Money Wellness
A Gen Z girl viewing social media on her phone with all social media icons around her. Gen Z twice as likely to get news from social media than BBC. Finfluencers. #FinTok
category iconmanaging your money
calendar icon28 Feb 2024

Gen Z are twice as likely to get their news from social media than traditional outlets

Younger generations are shying away from traditional news outlets in favour of social media, according to a new report called Talking to the Nation: How to Speak to Modern Britain. 

The research – one of the largest of its kind - looked at the UK’s media habits and found that even though Gen Z are twice as likely to get their news from social media, they trust its content less than traditional, mainstream outlets.

Those taking part in the research were asked to rank their most trusted media outlet in order of preference.

Those born between 1997 and 2012 ranked television news channels as the most trustable source of information (31%), followed by newspapers and dedicated news websites.

Only 11% trusted the content they read on social media.

But despite that, more than a third said social media feeds were their primary news source, compared to almost a fifth who said television, 13% who read newspapers and 12% who accessed news websites.

Unsurprisingly, traditional media was still the most popular news source among older generations, with over half of 45–54-year-olds saying they receive 40% of their new from TV, 16% newspapers and a fifth from news websites.

The report was commissioned by Lee Cain, a former No 10 communications director and partner at Charlesbye. He said: “Gen Z is overwhelmingly turning to social media for news, despite trusting it far less than traditional news sources.

“This generation is ushering in a post-truth media age where they prioritise content over truth.”

The report mirrors the explosion of content creators offering money advice on social media but how can you know what to trust and what’s a load of nonsense?

Can you trust financial advice on social media?

There are millions of creators churning out what’s become known as #FinTok with everything from how to get out of debt and pay down your credit cards, to loud budgeting and soft saving. And while some content creators are hugely trustworthy others are less knowledgeable and some content could be misleading and land you in trouble.

The bite-sized videos can make complex money issues easy to digest and accessible. They’re probably more interesting than listening to someone droning on. However, you need to be careful about who you chose to trust, as anyone can call themselves and expert and set up a social media account regardless of how knowledgeable or experienced they are.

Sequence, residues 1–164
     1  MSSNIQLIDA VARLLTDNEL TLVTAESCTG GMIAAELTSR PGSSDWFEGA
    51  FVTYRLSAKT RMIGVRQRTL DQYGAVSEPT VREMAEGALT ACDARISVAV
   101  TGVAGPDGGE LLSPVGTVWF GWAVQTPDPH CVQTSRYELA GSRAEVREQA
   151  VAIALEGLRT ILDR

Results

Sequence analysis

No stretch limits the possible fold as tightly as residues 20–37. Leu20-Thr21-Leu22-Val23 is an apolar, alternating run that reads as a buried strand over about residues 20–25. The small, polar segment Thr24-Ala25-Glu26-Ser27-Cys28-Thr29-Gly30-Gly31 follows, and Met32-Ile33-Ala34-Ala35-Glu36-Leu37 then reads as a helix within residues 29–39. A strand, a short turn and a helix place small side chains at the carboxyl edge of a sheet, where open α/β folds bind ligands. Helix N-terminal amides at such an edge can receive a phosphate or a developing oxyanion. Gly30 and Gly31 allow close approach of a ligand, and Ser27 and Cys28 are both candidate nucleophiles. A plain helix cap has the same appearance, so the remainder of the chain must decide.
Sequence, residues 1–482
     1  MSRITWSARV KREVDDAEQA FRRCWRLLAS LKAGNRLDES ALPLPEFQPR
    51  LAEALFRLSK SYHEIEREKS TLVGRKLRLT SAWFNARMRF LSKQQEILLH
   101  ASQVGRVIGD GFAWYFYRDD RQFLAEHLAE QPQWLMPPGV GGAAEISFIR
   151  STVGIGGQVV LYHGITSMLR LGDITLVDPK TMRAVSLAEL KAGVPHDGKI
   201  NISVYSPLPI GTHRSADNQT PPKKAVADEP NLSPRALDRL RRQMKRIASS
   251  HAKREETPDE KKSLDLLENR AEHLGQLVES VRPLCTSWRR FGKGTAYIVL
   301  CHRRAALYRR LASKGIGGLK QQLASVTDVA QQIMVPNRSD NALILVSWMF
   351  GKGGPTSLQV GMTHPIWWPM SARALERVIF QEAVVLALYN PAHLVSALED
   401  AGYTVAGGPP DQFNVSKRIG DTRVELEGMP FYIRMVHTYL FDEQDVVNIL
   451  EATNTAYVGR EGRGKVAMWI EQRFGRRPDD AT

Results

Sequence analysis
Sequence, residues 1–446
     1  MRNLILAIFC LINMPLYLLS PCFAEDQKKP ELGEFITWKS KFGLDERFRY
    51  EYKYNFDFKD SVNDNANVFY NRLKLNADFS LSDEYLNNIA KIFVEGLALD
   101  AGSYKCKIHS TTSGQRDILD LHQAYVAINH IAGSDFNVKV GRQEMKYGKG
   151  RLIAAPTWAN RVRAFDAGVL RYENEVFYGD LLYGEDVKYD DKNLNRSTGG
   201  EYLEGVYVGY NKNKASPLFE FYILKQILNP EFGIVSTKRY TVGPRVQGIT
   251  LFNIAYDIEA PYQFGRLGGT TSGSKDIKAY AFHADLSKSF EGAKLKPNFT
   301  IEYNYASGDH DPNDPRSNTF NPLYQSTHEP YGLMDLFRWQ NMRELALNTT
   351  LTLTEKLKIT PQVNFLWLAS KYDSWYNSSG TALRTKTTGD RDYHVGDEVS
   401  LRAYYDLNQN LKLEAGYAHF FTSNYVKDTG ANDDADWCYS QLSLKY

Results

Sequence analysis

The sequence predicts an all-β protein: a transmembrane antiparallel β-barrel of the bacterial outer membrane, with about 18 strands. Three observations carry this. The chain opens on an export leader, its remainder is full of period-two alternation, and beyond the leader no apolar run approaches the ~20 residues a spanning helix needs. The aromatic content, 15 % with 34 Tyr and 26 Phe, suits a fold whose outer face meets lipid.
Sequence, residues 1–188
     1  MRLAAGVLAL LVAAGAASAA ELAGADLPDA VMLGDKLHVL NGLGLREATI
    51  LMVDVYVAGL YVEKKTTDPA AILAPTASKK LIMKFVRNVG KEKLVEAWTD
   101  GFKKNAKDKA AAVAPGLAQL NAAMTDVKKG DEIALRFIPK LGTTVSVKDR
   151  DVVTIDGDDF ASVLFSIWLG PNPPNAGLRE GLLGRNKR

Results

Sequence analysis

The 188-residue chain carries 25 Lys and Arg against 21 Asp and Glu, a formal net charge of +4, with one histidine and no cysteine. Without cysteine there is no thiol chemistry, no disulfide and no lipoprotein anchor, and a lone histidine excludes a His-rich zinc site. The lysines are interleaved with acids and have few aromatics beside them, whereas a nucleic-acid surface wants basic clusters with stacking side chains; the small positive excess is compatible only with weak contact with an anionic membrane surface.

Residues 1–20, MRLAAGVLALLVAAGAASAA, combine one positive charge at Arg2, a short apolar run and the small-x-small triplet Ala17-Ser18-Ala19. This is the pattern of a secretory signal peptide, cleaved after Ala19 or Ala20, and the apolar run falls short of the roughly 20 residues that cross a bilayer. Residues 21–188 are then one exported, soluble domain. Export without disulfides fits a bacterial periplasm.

Financial advice is regulated – and it’s regulated for a reason. To ensure that the advice you are given ensures the best possible outcome for you and your money. The danger is that the ‘finfluencers’ you are listening to haven’t undergone the same amount of rigorous training and aren’t authorised to provide that type of advice – meaning the advice could be incorrect and you’ll have no redress if anything goes wrong.

And because TikTok videos are by design short soundbites, they’re not best placed to offer the detail you need to make money decisions.

TikTok and other social media platforms are a great tool for research and for teaching people about money but it’s best to seek professional financial advice before making any decisions that could be life changing.  

Remember the advice about anything you see online is verify, verify, verify!

Here’s some tips to help you spot bad financial advice on TikTok:

  • Avoid anyone who claims they have built wealth overnight or offers ways to help you avoid paying taxes. If it seems too good to be true, it usually is!
  • Anyone can be an expert online – look for creators with experience. Do some research into their background and see what qualifications they have for providing advice.
  • Be aware that a lot of what you’re viewing could be because it’s making them money. Only 20% of financial advice on social media has any disclosure so its difficult to see if they’re receiving commission or sponsorship for promoting products or making recommendations.  
  • Use TikTok as part of your research. Take what you find and look around to see if it matches advice from other sources. Not only will it verify what you’ve seen but it will ensure you’re getting a diverse range of perspectives on the subject.
  • Don’t fall for the hard sell. There’s absolutely no need to act fast and nothing will sell out. Avoid anything that preys on your fight or flight instinct.
  • Remember everyone has different circumstances and there’s no ‘one-size-fits-all’ when it comes to money. No regulated, professional adviser would give you the same piece of advice as the next person in the queue, so don’t allow it to happen on social media.  

If you’re looking for money saving tips, budgeting advice, or ways to manage your money, you can follow our socials for trusted help and advice. You can find us here:

Avatar of Caroline Chell

Caroline Chell

Caroline has worked in financial communications for more than 10 years, writing content on subjects such as pensions, mortgages, loans and credit cards, as well as stockbroking and investment advice.

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